The Smellicopter, a bio-hybrid odor-guided autonomous palm-sized air vehicle, featured in media coverage

NIFTI researchers have designed and built the Smellicopter, a bio-hybrid odor-guided autonomous palm-sized air vehicle, led by University of Washington doctoral student Melanie Anderson. Melanie’s work was recently featured in an article and video by UW News, as well as a number of other media outlets. Watch the video below:

From the UW News article: “One huge advantage of drones is that these little robots can go places where people can’t, including areas that might be too dangerous, such as unstable structures after a natural disaster or a region with unexploded devices. Researchers are interested in developing devices that can navigate these situations by sniffing out chemicals in the air to locate disaster survivors, gas leaks, explosives and more. But most sensors created by people are not sensitive or fast enough to be able to find and process specific smells while flying through the patchy odor plumes these sources create. Now a team led by the University of Washington has developed [the] Smellicopter: an autonomous drone that uses a live antenna from a moth to navigate toward smells. [The] Smellicopter can also sense and avoid obstacles as it travels through the air.”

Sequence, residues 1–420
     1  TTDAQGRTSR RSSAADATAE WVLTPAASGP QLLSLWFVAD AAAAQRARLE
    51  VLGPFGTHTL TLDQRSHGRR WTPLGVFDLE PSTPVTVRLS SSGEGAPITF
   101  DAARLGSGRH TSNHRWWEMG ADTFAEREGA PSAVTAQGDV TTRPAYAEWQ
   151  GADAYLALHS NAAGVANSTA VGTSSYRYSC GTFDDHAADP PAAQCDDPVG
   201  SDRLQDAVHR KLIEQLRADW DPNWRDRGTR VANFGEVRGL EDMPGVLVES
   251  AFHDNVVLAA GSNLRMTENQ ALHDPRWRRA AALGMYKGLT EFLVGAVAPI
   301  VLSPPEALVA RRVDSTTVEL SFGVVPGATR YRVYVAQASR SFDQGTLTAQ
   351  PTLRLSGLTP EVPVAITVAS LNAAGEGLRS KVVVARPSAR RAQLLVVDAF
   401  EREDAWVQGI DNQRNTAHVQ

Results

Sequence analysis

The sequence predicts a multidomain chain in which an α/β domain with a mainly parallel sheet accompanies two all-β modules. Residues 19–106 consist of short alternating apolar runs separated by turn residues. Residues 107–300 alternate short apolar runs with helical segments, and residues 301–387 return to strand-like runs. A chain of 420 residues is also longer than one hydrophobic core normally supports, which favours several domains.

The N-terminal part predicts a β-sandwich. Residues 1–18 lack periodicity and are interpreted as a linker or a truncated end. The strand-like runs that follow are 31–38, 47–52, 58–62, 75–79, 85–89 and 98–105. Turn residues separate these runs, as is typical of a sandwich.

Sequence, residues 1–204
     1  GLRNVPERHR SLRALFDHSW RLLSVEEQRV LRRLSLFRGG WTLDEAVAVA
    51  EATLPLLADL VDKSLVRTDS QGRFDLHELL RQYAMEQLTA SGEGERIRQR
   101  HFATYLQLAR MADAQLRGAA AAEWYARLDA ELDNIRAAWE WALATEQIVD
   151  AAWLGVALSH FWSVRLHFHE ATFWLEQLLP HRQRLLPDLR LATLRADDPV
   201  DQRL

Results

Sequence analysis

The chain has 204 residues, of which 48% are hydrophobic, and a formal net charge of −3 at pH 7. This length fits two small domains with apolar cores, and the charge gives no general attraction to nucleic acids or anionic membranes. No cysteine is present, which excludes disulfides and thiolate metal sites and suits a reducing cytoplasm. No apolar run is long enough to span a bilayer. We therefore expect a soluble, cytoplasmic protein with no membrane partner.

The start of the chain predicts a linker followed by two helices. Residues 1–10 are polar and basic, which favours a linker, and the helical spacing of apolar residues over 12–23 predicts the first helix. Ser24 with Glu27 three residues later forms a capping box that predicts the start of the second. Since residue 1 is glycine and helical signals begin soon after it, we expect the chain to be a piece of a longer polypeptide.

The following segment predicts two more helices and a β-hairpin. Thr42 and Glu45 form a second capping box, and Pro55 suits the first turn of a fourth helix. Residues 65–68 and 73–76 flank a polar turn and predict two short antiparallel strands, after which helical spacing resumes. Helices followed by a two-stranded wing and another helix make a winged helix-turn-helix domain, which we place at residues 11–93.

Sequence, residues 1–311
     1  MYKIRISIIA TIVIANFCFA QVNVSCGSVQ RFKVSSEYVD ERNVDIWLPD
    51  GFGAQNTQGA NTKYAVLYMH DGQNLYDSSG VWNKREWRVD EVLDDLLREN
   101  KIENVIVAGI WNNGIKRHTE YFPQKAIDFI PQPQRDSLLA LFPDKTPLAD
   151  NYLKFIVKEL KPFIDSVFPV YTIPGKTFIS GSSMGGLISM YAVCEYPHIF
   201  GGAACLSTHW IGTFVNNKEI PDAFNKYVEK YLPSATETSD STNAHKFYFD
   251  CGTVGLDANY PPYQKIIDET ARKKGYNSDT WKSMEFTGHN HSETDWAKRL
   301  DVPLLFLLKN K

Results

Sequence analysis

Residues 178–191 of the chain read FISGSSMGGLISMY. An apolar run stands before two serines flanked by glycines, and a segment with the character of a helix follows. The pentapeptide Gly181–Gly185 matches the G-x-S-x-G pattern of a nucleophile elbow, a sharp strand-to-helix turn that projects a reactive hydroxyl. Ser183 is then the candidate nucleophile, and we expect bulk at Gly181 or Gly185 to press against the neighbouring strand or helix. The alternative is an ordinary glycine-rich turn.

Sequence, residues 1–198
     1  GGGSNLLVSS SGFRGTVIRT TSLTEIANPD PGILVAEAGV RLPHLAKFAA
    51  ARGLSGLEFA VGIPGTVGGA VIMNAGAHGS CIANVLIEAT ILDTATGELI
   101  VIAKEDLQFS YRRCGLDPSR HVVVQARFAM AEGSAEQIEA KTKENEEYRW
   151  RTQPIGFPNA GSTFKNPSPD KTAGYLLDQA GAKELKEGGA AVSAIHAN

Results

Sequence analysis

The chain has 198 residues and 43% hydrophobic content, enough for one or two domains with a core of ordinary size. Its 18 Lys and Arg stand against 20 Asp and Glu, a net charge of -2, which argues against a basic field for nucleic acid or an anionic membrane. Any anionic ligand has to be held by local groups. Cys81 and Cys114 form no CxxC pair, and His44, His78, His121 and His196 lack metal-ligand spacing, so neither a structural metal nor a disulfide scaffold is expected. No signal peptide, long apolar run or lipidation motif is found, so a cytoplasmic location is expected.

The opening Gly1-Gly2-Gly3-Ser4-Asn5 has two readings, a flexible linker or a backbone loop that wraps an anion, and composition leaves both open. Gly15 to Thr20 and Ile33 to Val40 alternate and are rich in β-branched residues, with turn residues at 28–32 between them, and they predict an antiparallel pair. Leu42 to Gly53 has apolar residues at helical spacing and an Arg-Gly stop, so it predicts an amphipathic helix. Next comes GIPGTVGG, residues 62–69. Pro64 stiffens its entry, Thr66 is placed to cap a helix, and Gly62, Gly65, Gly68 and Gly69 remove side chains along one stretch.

Lead researcher Melanie Anderson is a doctoral student in Mechanical Engineering at the University of Washington. Doctoral student Joseph Sullivan and NIFTI faculty Tom Daniel (UW Biology), Sawyer Fuller (UW Mechanical Engineering), and Timmer Horiuchi (University of Maryland Electrical and Computer Engineering) are also involved in the Smellicopter project.

The team of NIFTI researchers behind the Smellicopter recently published a paper at Bioinspiration & Biomimetics. Melanie Anderson previously won a 2018 National Defense Science and Engineering Graduate Fellowship (NDSEG).

The Smellicopter has been covered in a variety of media outlets:

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